What Remains of the `Cultural Turn’ in Social History? A doctoral masterclass by Professor Geoff Eley
Lock Keeper’s Cottage, Queen Mary, Mile End Road, May 5th 2015 at 1pm. Drinks and refreshments to follow at the School of History
Since the 1960s historians in the English-speaking world have experienced two major waves of innovation, each leading to substantial broadening of the discipline’s range of topics, methodologies, and theoretical approaches, linked to particular modes of interdisciplinarity, and energized by the politics of their respective times. Each was moved by a desire for greater democratic inclusiveness, whether in terms of recruitment into the profession, a questioning of older hierarchies of knowledge and institutional structures, or the recognition of previously hidden or marginalized histories. The first of these waves, extending from the 1960s into the early 1980s, involved the popularity and eventual dominance of social history. Beginning at the turn of the 1980s and achieving equivalent influence by the end of the 1990s, a new set of developments materialized as what we now call the “cultural turn” or the “new cultural history,” registering the emergent influence of cultural studies across the humanities and parts of the social sciences, settling increasingly around new histories of gender, race, and sexuality, and responding further to the challenges of postcoloniality. Though marked for some years by great intellectual divisiveness, the lasting impact of the so-called “cultural turn” now allows us usefully to take stock. While proceeding firmly on the resulting new ground, this workshop seeks to explore what may have been lost as well as what has been gained.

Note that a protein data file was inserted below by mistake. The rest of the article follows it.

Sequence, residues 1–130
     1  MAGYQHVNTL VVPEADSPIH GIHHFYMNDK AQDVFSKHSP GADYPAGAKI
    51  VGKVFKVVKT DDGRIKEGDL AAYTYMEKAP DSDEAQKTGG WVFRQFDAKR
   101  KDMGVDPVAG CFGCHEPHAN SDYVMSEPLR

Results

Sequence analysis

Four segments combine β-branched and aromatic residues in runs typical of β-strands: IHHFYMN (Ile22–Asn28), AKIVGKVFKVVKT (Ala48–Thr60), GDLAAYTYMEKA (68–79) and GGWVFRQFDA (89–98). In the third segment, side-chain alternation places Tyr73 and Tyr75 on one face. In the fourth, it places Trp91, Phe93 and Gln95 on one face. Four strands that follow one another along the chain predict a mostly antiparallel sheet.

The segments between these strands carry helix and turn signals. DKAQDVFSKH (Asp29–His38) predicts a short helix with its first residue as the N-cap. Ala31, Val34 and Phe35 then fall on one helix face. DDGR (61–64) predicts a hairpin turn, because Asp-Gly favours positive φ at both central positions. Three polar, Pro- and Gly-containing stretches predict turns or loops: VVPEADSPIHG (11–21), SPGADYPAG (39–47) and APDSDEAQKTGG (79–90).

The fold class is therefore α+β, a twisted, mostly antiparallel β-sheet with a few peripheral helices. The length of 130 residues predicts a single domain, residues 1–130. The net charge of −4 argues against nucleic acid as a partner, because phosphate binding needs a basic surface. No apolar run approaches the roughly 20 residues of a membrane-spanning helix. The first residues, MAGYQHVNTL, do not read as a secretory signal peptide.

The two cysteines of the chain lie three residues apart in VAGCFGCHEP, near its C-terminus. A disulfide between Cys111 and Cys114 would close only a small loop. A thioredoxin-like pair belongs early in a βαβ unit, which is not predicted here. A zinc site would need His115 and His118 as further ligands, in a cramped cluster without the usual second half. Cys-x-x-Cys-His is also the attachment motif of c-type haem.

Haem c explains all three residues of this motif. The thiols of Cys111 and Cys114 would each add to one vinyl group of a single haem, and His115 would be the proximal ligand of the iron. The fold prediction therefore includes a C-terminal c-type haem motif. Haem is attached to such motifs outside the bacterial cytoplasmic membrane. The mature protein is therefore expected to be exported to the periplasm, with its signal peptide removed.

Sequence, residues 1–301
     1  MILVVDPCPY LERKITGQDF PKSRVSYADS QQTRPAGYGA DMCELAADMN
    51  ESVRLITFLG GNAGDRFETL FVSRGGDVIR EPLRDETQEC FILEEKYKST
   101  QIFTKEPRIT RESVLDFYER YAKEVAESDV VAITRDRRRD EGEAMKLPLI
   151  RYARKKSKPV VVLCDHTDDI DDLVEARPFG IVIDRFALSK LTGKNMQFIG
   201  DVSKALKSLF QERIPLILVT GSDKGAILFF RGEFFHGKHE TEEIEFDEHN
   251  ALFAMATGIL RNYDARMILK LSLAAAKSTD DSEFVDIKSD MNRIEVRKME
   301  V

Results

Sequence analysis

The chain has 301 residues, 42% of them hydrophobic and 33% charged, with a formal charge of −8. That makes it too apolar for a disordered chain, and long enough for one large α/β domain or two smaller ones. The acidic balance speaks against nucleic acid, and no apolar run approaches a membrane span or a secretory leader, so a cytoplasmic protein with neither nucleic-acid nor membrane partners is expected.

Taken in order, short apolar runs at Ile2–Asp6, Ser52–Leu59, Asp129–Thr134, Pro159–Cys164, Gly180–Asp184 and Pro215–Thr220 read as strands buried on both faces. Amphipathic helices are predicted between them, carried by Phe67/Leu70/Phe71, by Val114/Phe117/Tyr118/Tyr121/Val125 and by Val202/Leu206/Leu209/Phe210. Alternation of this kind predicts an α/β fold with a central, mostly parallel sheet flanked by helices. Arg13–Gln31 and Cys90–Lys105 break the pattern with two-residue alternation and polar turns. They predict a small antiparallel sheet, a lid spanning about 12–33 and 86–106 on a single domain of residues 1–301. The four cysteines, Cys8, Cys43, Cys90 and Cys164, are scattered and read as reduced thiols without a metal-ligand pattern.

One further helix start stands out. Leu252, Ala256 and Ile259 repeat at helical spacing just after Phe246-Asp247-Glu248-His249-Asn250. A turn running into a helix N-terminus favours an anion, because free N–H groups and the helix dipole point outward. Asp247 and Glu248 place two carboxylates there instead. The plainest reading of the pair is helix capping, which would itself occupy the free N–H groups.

Professor Geoff Eley is Karl Pohrt Distinguished University Professor of Contemporary History, University of Michigan.
If you would like to attend, please email Jana Kakosova: email@example.com